Researchers at the Institute for Social and Economic Research at the University of Essex asked both individuals in the couple to rate their happiness on a seven-point scale -- one being extremely unhappy to seven being perfect.
The study found 90 percent of married women and 88 percent of cohabiting women say they are happy in their relationships, while 93 percent of married men and 92 percent of cohabiting men said they were happy in their relationship.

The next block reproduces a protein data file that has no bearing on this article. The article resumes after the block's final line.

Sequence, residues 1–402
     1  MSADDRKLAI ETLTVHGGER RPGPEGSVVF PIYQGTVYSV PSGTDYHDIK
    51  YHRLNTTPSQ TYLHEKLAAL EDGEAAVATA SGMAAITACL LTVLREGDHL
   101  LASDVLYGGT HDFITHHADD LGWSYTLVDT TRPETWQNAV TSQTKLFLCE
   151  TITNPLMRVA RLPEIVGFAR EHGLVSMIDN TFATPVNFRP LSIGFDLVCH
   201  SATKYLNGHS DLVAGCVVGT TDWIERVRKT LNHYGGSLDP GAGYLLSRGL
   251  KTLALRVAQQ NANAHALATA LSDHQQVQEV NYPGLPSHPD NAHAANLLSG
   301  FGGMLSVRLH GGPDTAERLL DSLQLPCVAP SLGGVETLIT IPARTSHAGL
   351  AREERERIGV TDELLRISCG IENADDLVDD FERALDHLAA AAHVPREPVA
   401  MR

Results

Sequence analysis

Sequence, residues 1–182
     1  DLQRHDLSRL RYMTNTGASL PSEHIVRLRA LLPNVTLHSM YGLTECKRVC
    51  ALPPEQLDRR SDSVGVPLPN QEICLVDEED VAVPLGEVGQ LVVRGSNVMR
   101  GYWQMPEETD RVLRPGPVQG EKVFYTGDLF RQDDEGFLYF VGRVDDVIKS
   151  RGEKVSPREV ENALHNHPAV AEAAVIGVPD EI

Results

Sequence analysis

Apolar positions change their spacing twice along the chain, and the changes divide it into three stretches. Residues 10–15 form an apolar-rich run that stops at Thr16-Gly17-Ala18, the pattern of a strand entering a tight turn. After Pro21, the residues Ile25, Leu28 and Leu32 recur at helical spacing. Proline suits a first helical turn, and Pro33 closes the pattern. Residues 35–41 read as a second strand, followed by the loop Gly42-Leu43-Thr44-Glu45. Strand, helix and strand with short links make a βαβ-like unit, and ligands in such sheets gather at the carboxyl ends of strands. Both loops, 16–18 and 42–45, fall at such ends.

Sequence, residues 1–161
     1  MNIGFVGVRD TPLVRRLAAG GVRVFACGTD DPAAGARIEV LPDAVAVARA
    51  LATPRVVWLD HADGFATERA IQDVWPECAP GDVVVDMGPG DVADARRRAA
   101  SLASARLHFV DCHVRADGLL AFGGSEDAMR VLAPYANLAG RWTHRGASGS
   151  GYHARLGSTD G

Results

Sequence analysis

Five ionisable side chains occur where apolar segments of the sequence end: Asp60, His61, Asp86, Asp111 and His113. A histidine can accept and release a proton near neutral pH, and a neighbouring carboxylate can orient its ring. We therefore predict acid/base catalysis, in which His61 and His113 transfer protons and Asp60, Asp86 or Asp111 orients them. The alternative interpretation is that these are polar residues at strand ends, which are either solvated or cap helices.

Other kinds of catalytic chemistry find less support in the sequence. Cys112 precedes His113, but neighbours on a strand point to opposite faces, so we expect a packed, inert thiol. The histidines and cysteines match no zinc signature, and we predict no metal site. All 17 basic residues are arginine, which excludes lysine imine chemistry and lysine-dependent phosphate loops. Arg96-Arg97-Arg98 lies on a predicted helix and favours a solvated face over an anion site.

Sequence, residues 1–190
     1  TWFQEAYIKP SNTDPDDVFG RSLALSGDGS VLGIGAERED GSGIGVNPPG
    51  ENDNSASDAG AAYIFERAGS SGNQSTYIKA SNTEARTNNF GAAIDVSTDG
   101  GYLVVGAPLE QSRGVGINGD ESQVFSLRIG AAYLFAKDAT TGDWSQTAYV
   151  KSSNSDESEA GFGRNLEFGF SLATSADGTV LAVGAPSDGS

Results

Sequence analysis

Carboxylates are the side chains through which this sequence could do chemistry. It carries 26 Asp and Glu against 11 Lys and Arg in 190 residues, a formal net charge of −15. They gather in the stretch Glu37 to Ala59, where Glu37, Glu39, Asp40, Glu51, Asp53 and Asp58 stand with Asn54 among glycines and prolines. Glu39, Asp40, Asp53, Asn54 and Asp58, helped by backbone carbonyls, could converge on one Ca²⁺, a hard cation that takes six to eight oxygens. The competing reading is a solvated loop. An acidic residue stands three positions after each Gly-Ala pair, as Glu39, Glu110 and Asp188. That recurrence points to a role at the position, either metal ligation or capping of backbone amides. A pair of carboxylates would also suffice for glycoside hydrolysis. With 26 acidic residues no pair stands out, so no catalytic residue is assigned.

The findings indicate the happiest couples are those in which both have a college degree, have no children, have been together for less than five years and the man is employed.
After accounting for age, gender, number of children, relationship duration, employment status and education married people were happier than their cohabiting counterparts, the researchers say.
The findings are part of a larger study, "Understanding Society: Early findings from the first wave of the United Kingdom's household longitudinal study."
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